Let's hope so, because in the meantime, anyone with Covid or with symptoms of Covid can now board an international flight to the U.S., no questions asked. There is no requirement that anyone wear a mask. Airlines argue that their filtration systems offer good protection, but that's not reassuring when someone sitting next to you for hours is coughing, or the plane sits on the tarmac for an hour waiting for a gate to open up (which happened to a friend recently in Newark and Seattle).  

Here's the situation one traveler found himself in when he recently boarded a flight from Los Angeles to Wyoming to see friends. 

"I sat rigid in my seat, and was aware of everything happening around me," he reported. "Simply put, I call it the C & S flight — Coughing and Sneezing. Everywhere. Every 4.3 minutes. Yes, I timed it."

Some argue that because the CDC never required pre-departure testing for domestic flights, it didn't make sense to require testing before boarding international flights. I'd counter that one bad decision doesn't justify another at a time the government is bracing for the pandemic’s "next wave" by asking for billions of dollars in Covid relief.

One prediction: Watch for airlines to equate the elimination of testing and masking requirements as a sign of downgraded risk. That could give them an opening to reinstate fees and penalties for cancelling or changing flights. The ability to change a flight, or cancel  and receive a credit has no doubt kept many sick people off planes. With Covid risks downplayed, how long will those policies stay in place? 

Jun 2, 2022

Airlines ignore passenger safety by lobbying to end pre-departure Covid testing for international travel


Testing "negativo" before a flight from Italy to the U.S.

At a time when highly-transmissible Covid variants are spreading even among the vaccinated and boosted, would you feel better about returning to the U.S. from overseas knowing that everyone aboard the aircraft had tested negative the day before, or having no idea who might or might not be infected with Covid. 

If airlines get their way, the U.S. could soon drop its requirement that all airline passengers - vaccinated or unvaccinated - produce a pre-departure negative antigen (rapid) Covid test the day before returning from an international destination. 

The U.S. Travel Association and Airlines for America, trade groups that represent the travel industry and U.S. airlines, are pressing the Biden Administration to end the protection, arguing that the "travel industry remains disproportionately harmed" by the requirement. Lifting the protective measure would "lead to more foreigners visiting the U.S." they argue, and besides, as one spokesman reasoned, Covid "is here already."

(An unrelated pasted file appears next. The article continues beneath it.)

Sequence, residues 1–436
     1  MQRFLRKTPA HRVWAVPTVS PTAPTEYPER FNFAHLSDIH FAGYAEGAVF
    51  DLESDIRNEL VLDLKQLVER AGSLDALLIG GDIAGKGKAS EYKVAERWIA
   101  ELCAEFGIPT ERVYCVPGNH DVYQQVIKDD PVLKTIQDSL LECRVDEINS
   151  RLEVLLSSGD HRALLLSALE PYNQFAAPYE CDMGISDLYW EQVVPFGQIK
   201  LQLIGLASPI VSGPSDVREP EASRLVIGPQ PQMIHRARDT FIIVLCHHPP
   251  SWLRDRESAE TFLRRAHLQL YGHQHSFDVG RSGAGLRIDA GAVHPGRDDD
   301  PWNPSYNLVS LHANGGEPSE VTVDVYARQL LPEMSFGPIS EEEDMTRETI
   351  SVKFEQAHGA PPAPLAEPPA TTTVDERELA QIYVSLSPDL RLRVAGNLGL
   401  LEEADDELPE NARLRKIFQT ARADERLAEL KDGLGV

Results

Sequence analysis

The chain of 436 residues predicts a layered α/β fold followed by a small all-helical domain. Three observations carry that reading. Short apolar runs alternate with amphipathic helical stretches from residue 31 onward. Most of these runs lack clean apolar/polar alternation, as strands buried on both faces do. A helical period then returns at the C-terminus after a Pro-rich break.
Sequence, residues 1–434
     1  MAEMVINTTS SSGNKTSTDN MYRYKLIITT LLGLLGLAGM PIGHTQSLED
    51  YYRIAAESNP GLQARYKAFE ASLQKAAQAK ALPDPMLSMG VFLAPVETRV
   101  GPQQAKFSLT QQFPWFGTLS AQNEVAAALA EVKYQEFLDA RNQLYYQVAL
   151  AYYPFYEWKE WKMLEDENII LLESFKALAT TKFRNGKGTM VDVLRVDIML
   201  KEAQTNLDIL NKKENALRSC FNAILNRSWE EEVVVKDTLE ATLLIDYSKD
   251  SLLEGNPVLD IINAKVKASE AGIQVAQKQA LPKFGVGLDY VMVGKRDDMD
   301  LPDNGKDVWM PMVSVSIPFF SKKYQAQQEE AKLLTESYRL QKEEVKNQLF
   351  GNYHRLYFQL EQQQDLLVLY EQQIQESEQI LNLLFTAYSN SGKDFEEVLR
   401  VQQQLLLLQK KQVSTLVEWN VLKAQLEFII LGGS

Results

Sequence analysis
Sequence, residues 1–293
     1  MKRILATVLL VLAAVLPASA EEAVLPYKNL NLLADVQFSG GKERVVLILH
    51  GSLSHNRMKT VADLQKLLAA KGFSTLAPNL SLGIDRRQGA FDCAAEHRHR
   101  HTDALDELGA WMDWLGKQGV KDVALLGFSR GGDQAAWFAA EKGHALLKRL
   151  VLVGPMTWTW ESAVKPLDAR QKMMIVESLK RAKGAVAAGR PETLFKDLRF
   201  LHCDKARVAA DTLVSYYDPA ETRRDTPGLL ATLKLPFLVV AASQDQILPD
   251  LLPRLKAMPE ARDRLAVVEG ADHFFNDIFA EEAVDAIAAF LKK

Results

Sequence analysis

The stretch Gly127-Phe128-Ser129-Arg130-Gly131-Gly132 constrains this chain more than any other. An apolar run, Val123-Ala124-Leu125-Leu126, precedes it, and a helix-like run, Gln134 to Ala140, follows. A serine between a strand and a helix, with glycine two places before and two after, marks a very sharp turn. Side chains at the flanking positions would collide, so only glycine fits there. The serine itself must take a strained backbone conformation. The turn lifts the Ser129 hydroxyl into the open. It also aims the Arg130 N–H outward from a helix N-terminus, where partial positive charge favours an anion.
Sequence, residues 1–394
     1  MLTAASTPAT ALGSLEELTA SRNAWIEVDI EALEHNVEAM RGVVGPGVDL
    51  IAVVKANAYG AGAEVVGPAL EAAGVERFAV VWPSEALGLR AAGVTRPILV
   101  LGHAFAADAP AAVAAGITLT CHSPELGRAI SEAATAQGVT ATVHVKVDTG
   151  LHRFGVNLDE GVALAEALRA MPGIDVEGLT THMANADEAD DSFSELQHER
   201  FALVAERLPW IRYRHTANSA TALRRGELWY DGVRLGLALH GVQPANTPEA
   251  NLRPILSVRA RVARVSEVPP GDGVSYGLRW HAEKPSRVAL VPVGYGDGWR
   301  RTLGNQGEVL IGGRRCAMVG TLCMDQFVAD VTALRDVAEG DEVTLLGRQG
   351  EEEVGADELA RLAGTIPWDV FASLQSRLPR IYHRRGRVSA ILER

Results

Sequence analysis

None of these arguments address the health and safety of passengers, the ones buying over-priced tickets, spending extra hours arriving early at airports due to "staffing" shortages, or even the costs involved in flight crews calling in sick after being exposed to untested passengers. 

Granted antigen tests are not full-proof. It's possible to test negative on a rapid test, and then test positive a few days later. But what a negative result does show in most cases is that you aren't yet immediately contagious, and therefore not endangering fellow passengers sitting near you in an enclosed space for long periods of time.

As far as putting U.S. tourism at a disadvantage compared to other countries that have lifted their testing requirements, I'd say gun violence and mass shootings at schools, grocery stores and hospitals will have more to do with whether or not foreigners decide to travel to the U.S.

Much is made about the "inconvenience" and expense of testing. So just how difficult is it to get a test while traveling? You can do it at most airports right before your flight if you want, or to be safe, make an appointment at a local pharmacy in town the day before.

That's what my husband and I did on a recent trip to Italy. The whole process took about 15 minutes, and cost around $20. We waited outside on the sidewalk until the pharmacist declared us "negativo," and handed us our paperwork in English and Italian. He also sent the results in an e-mail so we could download them into our Air France "Ready to Fly" App, and get our boarding passes on our phones instead of having to check in at a crowded airport desk.

It's true that if you test positive, you won't be able to fly until you test negative. Another possibility is to wait five days and get a doctor to sign off that you're no longer contagious. In any case, it means having a back-up plan - a hotel room in which to isolate and an airline ticket that allows changes.